The first time I cussed around grown-ups was at my Uncle’s house in Virginia on Thanksgiving and they all needed to hear it. Here’s what Thanksgiving was all about back then: piling into the cramped sedan for an eleven-hour drive with a cranky Dad — who was cranky exactly once per year, a high-strung Mom, an aloof big sister, and me, the restless, annoying little brother. When Dad gets cranky, he farts a lot and crunches ice cubes non-stop and listens to the weird Neil Young albums of the 80s. I’m talking Life and Landing on Water. Mom would dig her nails into the armrest, living and dying with each passing car, and refusing to either read or take a pill to zonk out.
Three things happened every time our family gathered for this totally made-up holiday that I abhor perpetuating a wonky myth. First, Aunt Melinda would sit uncomfortably close to me on the couch, her bony knees jammed into my thighs, in order to speak over my head to Mom, who couldn’t care less about the unending chronicle of wise coupon-usage on Aunt Melinda and Uncle Dick’s last vacation with cousins Johnny and Molly, which this time was to a destination plantation that Aunt M was highly disappointed in because they focused far too much on the slaves and their apparent mistreatment (“Give me room and board on such a property, I tell ya,” she mentioned as an aside) and not enough on the exquisite furniture and the daily comings and goings of the lady of the manor which is really why she had wanted to visit in the first place, not to be made to feel guilty for her heritage. I can still hear that lacy-soft voice of hers revving up for one of these run-on sentence stories: “Weeeeeeelllll, I have a story for you.” She made ignorant privilege so soothingly boring.
The second constant always directly led to the third, which was my Dad rising from the sunken couch and recruiting my sister for a ‘short’ walk, which always lasted several hours and only ended right before dinner. I was always dicking around with my boy cousins, so he figured I didn’t need rescuing quite as bad as my sister. But back to number two. This was when Uncle Dick, resplendent with porn-stache and alcohol-induced hick accent, and his twin Uncle Don, he of the more patrician alcohol-induced Savannah accent acquired most decidedly not in Savannah, got rolling on The Water Tower Story. This story, told every Thanksgiving with the occasional new twist thrown in for variety, always caused a groan from Dad, who typically crop dusted the room on his way out the door. “Where’s he goin?” Uncle Dick would drawl, slumped lushly in his high-backed chair. “Donchu want hear tell about that time on the Water Tower?”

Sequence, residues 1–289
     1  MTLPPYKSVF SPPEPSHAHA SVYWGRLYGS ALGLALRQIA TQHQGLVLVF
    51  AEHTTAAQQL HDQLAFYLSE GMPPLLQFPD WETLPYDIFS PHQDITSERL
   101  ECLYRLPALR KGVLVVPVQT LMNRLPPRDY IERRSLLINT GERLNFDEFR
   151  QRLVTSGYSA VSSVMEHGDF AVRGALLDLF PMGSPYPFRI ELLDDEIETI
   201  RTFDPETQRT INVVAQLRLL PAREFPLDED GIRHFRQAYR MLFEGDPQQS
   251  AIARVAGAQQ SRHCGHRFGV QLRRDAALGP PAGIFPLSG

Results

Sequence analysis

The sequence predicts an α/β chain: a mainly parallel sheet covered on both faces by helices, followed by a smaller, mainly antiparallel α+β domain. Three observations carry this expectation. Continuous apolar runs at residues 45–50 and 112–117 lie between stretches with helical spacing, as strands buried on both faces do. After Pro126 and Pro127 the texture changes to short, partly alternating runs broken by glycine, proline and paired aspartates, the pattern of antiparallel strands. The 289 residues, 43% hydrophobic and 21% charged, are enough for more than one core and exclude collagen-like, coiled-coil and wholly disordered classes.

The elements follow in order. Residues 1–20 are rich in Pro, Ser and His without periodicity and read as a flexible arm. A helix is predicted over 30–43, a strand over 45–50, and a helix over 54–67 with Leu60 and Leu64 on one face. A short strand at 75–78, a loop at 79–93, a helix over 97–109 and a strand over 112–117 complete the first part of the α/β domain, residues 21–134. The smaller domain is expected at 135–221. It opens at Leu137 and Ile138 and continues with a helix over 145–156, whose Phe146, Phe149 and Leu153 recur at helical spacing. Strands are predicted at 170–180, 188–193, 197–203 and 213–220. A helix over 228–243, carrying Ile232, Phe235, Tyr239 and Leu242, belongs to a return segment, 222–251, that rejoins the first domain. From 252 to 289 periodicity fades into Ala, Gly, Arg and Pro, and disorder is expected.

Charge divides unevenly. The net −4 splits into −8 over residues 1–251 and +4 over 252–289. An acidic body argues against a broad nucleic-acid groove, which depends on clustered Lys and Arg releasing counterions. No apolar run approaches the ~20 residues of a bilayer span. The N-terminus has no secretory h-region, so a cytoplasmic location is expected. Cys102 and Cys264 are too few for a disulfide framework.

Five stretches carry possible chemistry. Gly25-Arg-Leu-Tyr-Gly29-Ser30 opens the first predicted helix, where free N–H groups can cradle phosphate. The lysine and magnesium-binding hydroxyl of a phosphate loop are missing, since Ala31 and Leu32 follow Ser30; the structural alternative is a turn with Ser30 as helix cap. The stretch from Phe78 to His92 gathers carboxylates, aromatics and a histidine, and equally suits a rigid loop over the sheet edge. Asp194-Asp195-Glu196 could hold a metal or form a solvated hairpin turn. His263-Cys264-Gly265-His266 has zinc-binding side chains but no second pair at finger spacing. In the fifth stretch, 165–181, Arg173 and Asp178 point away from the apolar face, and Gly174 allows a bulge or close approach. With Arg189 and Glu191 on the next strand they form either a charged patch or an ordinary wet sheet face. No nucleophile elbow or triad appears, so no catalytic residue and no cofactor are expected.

Their mother, my Mom’s Mom and the unquestioned tyrant of these gatherings, sat with her legs crossed, left ankle bouncing, ready to play her part. “Yea, why you gotta go walkin’ now?” But my Dad and sister always slipped out. Mom played her part by sitting quietly.
“You shoulda seen Mom’s face,” Dick chuffed and chuckled, chugging his beer.
“That cop didn’t know what kind-ah woman he was dealin with,” said Uncle Don.
“I told that fresh little baby-face cop he knows boys will be boys and don’t come botherin’ me late at night for just some honest fun that don’t hurt nobody no way,” the old lady, my Grandma, crowed on cue.
“We wasn’t gonna hurt that boy,” Dick said.
“Nosir, we weren’t,” said Don. “He just needed to know it weren’t right of him, sniffin’ around our baby sis like that.”
“Family is family,” said Dick.
“That boy didn’t come round no more after that. Yous did him a favor. He should been thankin’ you, not runnin’ to no cop. ’Nother group mighta hurt him bad or kilt him, specially in these parts back then.”
And so it was, the fifth or sixth time I heard this damn story, when I stood up, thirteen years old and knowing a thing or two, and said what I said. “How bout retiring this sorry-ass story, you racist pieces of shit?”
Uncle Dick grinned at me dangerously. “If I was your father, boy would I smack that look off your face.”
Grandma jumped in, acting shocked and dismayed: “Where’d you learn to talk to your superiors that way?”
I looked at that old nag, shook my head, and said, “Boys will be boys, Gram,” and joined Dad and my sister for a refreshing stroll around the neighborhood.
Bill Wilkinson is a fiction writer from his home in northwestern Pennsylvania.
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